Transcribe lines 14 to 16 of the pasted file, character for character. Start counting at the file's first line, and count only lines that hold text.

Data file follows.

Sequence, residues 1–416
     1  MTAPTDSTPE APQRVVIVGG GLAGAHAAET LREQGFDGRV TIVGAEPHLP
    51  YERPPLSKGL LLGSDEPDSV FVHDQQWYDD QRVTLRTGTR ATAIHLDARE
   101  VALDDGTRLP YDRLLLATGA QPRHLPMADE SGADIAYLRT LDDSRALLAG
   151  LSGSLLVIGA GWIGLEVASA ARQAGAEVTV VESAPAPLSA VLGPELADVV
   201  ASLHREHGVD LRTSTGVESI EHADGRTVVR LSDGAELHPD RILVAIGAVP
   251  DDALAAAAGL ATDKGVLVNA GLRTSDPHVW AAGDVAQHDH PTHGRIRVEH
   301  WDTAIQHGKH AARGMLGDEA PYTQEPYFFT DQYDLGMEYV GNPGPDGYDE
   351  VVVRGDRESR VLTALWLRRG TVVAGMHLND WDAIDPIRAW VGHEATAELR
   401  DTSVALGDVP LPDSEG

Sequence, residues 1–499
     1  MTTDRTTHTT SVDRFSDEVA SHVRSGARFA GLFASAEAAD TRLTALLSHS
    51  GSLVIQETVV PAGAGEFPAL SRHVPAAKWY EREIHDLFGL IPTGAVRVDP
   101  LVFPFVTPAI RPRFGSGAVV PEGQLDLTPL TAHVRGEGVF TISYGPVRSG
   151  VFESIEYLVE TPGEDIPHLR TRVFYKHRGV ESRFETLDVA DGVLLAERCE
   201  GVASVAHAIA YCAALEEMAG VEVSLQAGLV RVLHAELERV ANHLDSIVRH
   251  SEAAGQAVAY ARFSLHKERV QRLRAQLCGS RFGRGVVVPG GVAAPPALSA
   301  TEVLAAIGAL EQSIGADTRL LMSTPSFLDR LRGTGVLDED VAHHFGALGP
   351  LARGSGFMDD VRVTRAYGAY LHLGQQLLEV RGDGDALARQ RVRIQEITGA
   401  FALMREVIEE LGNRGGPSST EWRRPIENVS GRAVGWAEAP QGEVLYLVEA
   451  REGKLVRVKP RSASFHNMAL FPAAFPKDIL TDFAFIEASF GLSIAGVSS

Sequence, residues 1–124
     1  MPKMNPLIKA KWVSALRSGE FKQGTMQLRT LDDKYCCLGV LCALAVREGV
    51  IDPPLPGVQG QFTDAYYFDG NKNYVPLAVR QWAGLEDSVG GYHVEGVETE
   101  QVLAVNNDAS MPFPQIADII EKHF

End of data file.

   101  LVFPFVTPAI RPRFGSGAVV PEGQLDLTPL TAHVRGEGVF TISYGPVRSG
   151  VFESIEYLVE TPGEDIPHLR TRVFYKHRGV ESRFETLDVA DGVLLAERCE
   201  GVASVAHAIA YCAALEEMAG VEVSLQAGLV RVLHAELERV ANHLDSIVRH